security holder, creditor. agent security holder, creditor,
independent contractor, landlord, consultant or otherwise)
that engages in the braiding industry, or otherwise competes
with the operations of [A&P], including but not
necessarily limited to, braiding for reinforcement in
composites, inflatable structures, safety-related devices,
human and animal health-related devices, thermal electrical
or mechanical insulators or conductors.
(Doc. 2-4, at 3).
his termination, in June 2015 Lariviere began working for
non-party General Electric Aviation (“GE”) in
Cincinnati, where he had worked prior to joining A&P.
(Doc. 9, at 3). However, based on a desire to move, Lariviere
continued to search for new employment through a third party
recruiter. (Id.). Plaintiff ultimately accepted an
offer to work for Defendant Highland Industries, Inc.
(“Highland”) in Statesville, North Carolina as a
Senior Project Engineer. (Id. at 3-4; Doc. 1, at
12). Lariviere's noncompete agreement had expired before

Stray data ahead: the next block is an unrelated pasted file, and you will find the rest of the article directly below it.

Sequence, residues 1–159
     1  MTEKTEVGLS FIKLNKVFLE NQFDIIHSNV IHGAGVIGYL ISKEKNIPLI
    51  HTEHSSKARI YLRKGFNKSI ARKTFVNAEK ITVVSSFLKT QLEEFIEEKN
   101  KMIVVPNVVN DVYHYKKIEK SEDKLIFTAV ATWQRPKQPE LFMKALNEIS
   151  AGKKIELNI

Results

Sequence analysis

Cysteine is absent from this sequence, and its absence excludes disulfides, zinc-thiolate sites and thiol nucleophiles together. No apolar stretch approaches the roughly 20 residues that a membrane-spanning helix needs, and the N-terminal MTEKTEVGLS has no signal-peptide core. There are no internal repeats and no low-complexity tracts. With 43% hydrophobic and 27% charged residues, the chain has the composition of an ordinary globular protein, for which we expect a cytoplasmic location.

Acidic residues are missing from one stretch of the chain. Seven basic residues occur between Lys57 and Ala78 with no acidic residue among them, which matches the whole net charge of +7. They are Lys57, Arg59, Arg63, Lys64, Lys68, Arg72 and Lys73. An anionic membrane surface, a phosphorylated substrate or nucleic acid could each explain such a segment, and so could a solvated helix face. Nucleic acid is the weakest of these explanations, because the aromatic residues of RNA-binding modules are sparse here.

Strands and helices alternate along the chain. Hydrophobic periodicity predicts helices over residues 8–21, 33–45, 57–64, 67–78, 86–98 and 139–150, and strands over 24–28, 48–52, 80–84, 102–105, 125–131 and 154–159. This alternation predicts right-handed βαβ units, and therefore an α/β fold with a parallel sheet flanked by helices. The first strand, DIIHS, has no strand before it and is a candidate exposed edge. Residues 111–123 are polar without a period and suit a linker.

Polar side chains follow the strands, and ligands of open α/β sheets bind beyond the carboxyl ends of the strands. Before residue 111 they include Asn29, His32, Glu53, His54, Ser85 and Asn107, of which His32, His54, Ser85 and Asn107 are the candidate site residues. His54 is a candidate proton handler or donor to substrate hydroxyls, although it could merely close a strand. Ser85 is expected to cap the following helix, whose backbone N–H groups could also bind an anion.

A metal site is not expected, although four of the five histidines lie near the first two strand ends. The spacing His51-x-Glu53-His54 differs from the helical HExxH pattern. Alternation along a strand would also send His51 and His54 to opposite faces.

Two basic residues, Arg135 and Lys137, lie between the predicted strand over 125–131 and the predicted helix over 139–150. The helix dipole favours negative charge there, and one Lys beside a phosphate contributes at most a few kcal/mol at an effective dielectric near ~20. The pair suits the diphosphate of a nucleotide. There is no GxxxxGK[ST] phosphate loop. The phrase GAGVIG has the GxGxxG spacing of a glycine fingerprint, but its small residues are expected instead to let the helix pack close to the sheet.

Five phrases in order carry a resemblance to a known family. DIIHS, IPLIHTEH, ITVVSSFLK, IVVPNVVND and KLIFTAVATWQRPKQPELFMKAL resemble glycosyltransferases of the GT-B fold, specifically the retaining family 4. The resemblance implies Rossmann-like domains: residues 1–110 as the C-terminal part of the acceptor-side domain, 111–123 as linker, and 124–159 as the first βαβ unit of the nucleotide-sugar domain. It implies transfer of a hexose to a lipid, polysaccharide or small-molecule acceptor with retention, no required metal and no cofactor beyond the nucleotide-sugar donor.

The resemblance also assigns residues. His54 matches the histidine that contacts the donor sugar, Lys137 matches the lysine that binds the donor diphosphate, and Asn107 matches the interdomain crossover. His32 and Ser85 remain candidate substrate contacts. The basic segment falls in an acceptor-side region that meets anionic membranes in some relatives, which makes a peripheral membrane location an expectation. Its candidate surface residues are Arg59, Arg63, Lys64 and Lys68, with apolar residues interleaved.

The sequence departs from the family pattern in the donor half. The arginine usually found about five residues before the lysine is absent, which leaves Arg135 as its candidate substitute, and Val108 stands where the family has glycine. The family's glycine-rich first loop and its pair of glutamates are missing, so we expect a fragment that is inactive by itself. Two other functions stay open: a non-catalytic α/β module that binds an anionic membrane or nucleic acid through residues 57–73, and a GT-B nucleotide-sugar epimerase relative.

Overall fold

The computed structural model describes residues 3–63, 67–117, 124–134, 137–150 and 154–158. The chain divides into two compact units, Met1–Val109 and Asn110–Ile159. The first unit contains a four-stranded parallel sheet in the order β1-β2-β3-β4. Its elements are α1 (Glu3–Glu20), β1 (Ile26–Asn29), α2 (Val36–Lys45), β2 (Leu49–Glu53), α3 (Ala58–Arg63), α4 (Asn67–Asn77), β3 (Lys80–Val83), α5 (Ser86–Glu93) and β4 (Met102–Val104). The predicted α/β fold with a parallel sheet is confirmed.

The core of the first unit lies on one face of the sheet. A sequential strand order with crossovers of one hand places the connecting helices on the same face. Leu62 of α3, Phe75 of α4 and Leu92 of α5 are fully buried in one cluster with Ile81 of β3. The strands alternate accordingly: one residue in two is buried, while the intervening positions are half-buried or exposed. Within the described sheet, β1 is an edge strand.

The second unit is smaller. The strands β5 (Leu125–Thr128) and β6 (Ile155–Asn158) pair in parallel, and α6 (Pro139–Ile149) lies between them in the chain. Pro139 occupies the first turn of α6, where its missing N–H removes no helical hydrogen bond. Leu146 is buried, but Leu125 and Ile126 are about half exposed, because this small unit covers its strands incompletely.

he began working with Highland on May 15, 2017. (Doc. 9, at
“is primarily in the business of curing and finishing
composite structures based on customer specifications, using
multiple processing methodologies including braiding,
overbraiding, filament winding, lamination, and press
molding.” (Doc. 9, at 4). Highland is affiliated with
A&P's largest competitor, non-party company
Eurocarbon. (Doc. 1, at 11). In the past, Highland and
A&P have bid against each other for the same third party
contracts. (Id. at 11-12). Accordingly, Highland is
a competitor to A&P.
filed the complaint in this case on August 11, 2017. (Doc.
1). A&P is claiming that Lariviere is in breach of his
contract to protect A&P's confidential information by
working for a direct competitor in the braiding industry. The
complaint accordingly raises claims of breach of contract
against Lariviere, tortious interference with contractual
relationships against Highland, and tortious interference
with business relationships, misappropriation of trade
secrets, and unjust enrichment against both defendants.
(Id. at 15-25). A&P seeks injunctive relief
against both defendants preventing them from continuing to
work together. (Id.).
The motions before the Court
same day the complaint was filed, A&P filed a motion for
preliminary injunction and expedited discovery. (Doc.
The motion argues that a preliminary injunction enjoining
Lariviere from working in his current role at Highland is
necessary because of the risk the status quo poses to
A&P's carefully guarded confidential information.
(See generally id.). In addition, the motion
requests that Defendants be enjoined from soliciting any of
A&P's customers and that Defendants also be required